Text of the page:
During the fifteen century, the Rosary was divided into three Chaplets of 50 Hail Marys each, at which time five mysteries were added to each Chaplet. By the sixteen century, the fifteen mysteries had become accepted by all as the proper way of reciting the Rosary. During that period of time, the second half of the Hail Mary was added and the “Glory be to the Father” was used to close each decade of the Rosary. In 1569, Pope Pius V officially approved the Rosary as it was known throughout the world.
On October 16, 2002, Pope John Paul II marked the 24th Anniversary of his papacy with the release of the Apostolic Letter Rosarium Virginis Mariae, in which he proclaimed a “Year of the Rosary” from October 2002 to October 2003. He announced that he would add five new mysteries to the Rosary.
Pope John Paul II introduced the Luminous Mysteries, or Mysteries of Light, to the Catholic Rosary. All together, we have the 20 decades of the Rosary
SCRIPTURAL FOUNDATION OF THE HOLY ROSARY
The word “Rosary” is not literally fiund in the scriptures, but it can be viewed primarily as the summary of the New Testament.
The “Our Father”– part of the Rosary–is literally biblical (The Lord’s Prayer: Matt. 6:5-13)
The first part of the “Hail Mary” corresponds to the Angel’s salutation at the Annunciation and that of Elisabeth at the Visitation (Lk 1:28 and 2:42 respectively). The second half, “Holy Mary, Mother of God, pray for us sinners, now and at the hour of our death,” might be understood as follows:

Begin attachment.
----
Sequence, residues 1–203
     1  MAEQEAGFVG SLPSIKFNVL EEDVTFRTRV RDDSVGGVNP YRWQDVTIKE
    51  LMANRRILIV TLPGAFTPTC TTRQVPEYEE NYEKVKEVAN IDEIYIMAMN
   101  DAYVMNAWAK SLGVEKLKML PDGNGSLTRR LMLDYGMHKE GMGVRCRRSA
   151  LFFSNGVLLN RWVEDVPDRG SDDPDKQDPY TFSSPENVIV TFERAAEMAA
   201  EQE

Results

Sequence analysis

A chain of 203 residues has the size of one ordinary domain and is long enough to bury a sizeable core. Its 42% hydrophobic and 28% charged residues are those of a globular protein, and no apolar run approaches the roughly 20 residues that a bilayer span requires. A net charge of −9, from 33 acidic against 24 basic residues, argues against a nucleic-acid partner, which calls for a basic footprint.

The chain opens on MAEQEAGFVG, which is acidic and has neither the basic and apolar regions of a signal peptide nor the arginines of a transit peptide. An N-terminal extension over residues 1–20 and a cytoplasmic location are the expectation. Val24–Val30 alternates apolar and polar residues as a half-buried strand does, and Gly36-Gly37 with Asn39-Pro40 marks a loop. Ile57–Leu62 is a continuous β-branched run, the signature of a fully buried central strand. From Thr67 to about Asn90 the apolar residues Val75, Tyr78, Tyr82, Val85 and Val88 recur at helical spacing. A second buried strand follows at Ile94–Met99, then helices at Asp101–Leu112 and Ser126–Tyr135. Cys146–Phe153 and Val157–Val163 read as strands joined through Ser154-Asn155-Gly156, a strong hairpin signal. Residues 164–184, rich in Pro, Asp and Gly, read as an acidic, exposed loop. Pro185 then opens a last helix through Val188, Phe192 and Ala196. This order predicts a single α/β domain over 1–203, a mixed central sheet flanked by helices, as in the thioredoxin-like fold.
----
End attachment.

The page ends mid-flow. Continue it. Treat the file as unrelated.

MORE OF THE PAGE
“Holy Mary” again corresponds to the biblical passage of the Annunciation (Lk 1:28: “full of grace”) “Mother of God” is the very meaning of the biblical annunciation even if the term as such was approved at Ephesus (431).
Luke 1:43 “And how does this happen to me, that the Mother of my Lord (Blessed Virgin Mary) should come to me?”
“Pray for us”: the intercession can be related to the Wedding Feast at Cana where Mary intercedes with her Son for the young couple in trouble. (John 2:5 “His mother said to the servers, “Do whatever he tells you.)
“Now and at the hour of our death”: can be related to Mary’s station at the foot of the Cross as refuge of hope.
Finally, the “Glory be to the Father” makes direct reference to the Trinity; Father, Son and Spirit and the praise due to them.
Most Catholics pray a 5-decade Rosary, and there is a traditional “rotation schedule” to help you choose which set of mysteries to meditate upon on a given day: